Does the Data Protection Bill change anything? | DMA

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Does the Data Protection Bill change anything?


The Data Protection Bill was published yesterday. It will implement the General Data Protection Regulation (GDPR) into UK law.

It will replace the UK’s existing Data Protection Act 1998 and will be the overarching legal framework governing the use of personal data.

The Bill does not deviate substantially from the GDPR but does refine some of the definitions for a UK context.

Derogations in the GDPR allow for member states to vary the law and the Data Protection Bill will implement the UK’s stance. For example, the UK has opted for age 13 as the age of consent for data processing. The GDPR permitted member states to vary the age between 13 and 16.

Furthermore, the Information Commissioner’s Office (ICO) will continue to be the data protection authority for the UK and with responsibility for enforcing the new law.

It will allow the ICO to levy higher administrative fines on data controllers and processors for the most serious data breaches, up to £17m (€20m) or 4% of global turnover for the most serious breaches, as per the GDPR.

The Bill also implements the Law Enforcement Directive and it covers the processing of personal data for the purposes of crime prevention, and the free movement of such data.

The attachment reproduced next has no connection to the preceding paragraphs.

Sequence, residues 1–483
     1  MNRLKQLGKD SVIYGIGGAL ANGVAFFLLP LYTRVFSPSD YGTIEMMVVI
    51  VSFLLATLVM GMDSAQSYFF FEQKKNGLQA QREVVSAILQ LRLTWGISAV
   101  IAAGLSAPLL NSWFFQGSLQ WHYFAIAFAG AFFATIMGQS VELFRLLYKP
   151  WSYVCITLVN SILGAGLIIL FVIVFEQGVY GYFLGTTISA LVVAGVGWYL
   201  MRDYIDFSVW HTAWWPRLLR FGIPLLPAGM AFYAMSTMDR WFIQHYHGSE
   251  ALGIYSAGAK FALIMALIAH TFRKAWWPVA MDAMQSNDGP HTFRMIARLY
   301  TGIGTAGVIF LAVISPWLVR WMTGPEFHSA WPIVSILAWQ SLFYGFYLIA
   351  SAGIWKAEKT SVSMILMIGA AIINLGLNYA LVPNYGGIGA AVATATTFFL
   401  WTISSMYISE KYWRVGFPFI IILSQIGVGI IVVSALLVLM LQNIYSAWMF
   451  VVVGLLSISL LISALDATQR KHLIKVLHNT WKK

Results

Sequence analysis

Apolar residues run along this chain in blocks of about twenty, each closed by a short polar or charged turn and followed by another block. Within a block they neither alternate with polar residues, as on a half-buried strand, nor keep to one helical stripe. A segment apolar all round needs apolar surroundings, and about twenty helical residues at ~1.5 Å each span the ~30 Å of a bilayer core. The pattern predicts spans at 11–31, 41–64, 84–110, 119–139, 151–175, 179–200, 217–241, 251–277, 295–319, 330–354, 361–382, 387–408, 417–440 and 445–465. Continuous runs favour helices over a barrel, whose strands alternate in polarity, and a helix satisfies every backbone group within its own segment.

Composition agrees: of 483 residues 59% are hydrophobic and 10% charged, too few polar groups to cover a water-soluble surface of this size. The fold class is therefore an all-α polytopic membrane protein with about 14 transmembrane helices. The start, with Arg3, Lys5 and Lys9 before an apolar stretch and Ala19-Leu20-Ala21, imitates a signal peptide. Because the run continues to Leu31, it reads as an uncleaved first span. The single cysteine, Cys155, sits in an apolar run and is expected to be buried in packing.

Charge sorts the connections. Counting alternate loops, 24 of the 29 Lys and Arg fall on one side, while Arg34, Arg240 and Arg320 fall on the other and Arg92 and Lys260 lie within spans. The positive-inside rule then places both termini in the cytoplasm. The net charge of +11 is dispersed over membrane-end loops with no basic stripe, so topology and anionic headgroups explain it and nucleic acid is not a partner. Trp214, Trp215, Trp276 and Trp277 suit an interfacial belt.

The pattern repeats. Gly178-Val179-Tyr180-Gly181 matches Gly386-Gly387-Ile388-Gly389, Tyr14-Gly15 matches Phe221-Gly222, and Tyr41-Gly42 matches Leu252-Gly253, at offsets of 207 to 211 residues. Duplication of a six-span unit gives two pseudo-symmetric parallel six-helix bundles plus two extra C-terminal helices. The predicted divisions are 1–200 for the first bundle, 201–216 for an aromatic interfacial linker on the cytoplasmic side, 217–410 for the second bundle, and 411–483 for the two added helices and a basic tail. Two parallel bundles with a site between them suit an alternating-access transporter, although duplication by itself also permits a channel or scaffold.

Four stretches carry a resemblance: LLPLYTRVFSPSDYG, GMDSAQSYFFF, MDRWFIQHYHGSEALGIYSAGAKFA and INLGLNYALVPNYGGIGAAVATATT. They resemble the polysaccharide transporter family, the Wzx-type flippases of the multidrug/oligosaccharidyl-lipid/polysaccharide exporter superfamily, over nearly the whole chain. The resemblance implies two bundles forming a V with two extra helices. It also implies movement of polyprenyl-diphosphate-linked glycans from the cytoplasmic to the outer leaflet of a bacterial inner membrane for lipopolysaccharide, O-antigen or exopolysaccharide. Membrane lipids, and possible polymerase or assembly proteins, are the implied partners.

Under the new Directive, everyone’s personal data must be processed lawfully, fairly, and only for a specific purpose, linked to the activities surrounding crime prevention and detection.

The fact that the Bill does not diverge greatly from the GDPR is a positive for UK marketers as it will smooth the Brexit process.

Retaining the GDPR after Brexit should help the UK secure transitional agreement to secure UK-EU data flows, which currently take place without restriction.

Maintaining the free flow in data is equally in the interests of European companies that exchange personal data with UK-based organisations.

The Bill began in the House of Lords at the start of the legislative process. Before it can be passed and become an Act of Parliament the Bill will need to be debated and possibly amended by both the House of Lords and the House of Commons.

The 2nd reading of the legislation will take place in the House of Lords on the 10 October. The DMA will monitor debates for any substantial amendments suggested by peers or Members of Parliament.

You can monitor the Bill’s progress through Parliament here.

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